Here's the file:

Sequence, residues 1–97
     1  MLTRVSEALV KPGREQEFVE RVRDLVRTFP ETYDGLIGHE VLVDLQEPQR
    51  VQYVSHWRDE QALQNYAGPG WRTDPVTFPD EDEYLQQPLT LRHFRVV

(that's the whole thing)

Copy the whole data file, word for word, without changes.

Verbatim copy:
Sequence, residues 1–97
     1  MLTRVSEALV KPGREQEFVE RVRDLVRTFP ETYDGLIGHE VLVDLQEPQR
    51  VQYVSHWRDE QALQNYAGPG WRTDPVTFPD EDEYLQQPLT LRHFRVV